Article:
I’ve got rather a lot of David Austin roses in my garden, at a rough estimate I’ve probably got about thirty different roses and about fifty actual rose bushes. David Austin was I think the first rose breeder to mix the repeat flowering of the floribundas with the heavy scent and beauty of the old roses, he calls them English Roses. I love learning the names when I buy a new rose, I’ve often given them as presents too, choosing a name that fits the occasion.
When I was thinking about what to include in my embroidered garden fabric book it seemed obvious to do a page on my roses. I’ve stitched a couple of standard roses and a length that could be a climbing rose…
…however I had an idea to embroider lots of the roses and their names. I pondered for a while about layout but eventually settled on a wheel with the roses radiating out like the spokes of a wheel. Having sketched out my thoughts on paper I chose some heavier weight vintage linen and used a Frixion pen to lightly mark the segments of the circle – I had to buy a protractor specially! Frixion pens are heat erasable so when you iron the fabric the marks disappear. It sounds great but there are potential issues their use on fabric is still up for debate. They are great for marking as it’s a nice fine pen and it does instantly disappear with the heat of an iron. However, the marks will return if the item gets very cold, such as in the hold of an aircraft, people have posted embroideries or quilts only to find all the marks had reappeared in transit. It is also not known what the long term effect on the fabric are, the manufacturers still don’t recommend them for use on fabric, I’ve also heard it said that over time it will rot the fabric. Despite this they are widely used in the quilting and embroidery world. I am planning to use them as little as possible.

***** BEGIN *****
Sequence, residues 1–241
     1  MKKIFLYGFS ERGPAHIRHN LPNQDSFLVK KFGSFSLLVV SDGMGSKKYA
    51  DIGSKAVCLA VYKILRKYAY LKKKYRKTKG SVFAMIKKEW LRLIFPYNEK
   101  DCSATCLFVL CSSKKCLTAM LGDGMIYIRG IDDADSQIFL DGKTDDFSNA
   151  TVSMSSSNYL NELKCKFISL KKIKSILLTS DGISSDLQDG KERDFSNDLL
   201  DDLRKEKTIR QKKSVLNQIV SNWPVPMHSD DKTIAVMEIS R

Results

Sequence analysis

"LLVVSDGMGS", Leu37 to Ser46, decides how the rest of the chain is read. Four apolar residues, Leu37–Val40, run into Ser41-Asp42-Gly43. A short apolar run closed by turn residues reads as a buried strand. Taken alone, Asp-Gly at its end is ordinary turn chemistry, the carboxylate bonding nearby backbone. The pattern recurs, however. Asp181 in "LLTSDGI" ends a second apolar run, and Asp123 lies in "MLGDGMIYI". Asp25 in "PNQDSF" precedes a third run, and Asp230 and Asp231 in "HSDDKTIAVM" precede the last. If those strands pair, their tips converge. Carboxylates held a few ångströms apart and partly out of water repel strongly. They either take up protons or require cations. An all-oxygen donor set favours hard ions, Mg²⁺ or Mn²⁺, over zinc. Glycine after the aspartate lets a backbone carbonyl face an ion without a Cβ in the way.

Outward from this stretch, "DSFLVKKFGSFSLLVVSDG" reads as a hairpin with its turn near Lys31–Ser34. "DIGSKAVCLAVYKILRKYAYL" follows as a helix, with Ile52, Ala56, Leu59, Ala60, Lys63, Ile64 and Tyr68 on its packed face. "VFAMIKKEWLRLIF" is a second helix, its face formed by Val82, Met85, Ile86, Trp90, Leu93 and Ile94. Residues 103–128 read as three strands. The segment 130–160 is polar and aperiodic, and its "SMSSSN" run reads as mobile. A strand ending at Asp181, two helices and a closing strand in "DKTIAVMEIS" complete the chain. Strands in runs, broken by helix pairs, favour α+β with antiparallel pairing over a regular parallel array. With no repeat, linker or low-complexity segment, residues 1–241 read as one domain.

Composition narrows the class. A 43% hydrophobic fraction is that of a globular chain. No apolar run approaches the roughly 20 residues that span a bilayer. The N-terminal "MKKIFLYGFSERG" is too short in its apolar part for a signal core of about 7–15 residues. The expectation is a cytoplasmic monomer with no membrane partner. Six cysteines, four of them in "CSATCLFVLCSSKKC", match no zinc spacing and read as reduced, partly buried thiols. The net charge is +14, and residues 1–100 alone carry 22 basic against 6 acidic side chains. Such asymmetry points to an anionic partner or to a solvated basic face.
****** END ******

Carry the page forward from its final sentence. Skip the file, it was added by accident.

Having drawn the grid of 16 segments I used a simple running stitch in a light green to mark them. I chose a sepia coloured gel pen to write all the names of the roses. I would have preferred to have all the names facing upwards, so changing direction half way, however this would mean writing into the circle and all the potential pitfalls of trying to get the word length right. It was much easier to write all the names from the middle outwards. I tried to have a nice gradient of colour round the wheel but I was also thinking of long names going into the longer corners, short ones at the side.
I embroidered the roses using bullion knots in various shades according to the rose portrayed..
My original plan was simply to write the names in the border, however having tested a permanent gel pen on a scrap I started writing Desdemona (right of picture) and immediately realised it was the slightly thicker one. I changed to the thinner pen which did look much better, but Desdemona stood out a mile!
Having thought of various cover-ups for the handwriting I decided to bite the bullet and embroider all the names. I’ve used several different shades of green, I have not tried to match the green with the actual leaf shade on the bush, I’ve just picked a colour out, stitched the leaves and the stem and then used the same shade to back-stitch over the writing. Stitching a leaf and then the name also nicely breaks up the monotony of embroidering over 16 names! I haven’t embroidered Desdemona yet but it’s already looking less obvious.
As you can see I still have half a dozen roses to finish but I’m really pleased so far and Desdemona doesn’t stand out as much all ready. I’m tempted to put a button in the middle, this could eithe be one from my button stash or one covered with a mini embroidery of the David Austion logo.Hopefully by next week I’ll be doing a happy dance!
I’ll be linking up with Kathy’s Quilts on Sunday for Slow Stitching Sunday, please follow the link to see what everyone else has been stitching
A couple of weeks ago I started embroidering a standard rose bush, I have two in my garden, Claire Austin which is a gorgeous creamy white and Roald Dahl which quitea lovely shade of peach.
I stitched Claire Austin a few weeks ago,,,
I then turned my head to Roald Dahl, painted the background again, stitched the stem with a whipped back-stitch and used slip stitch for the roses.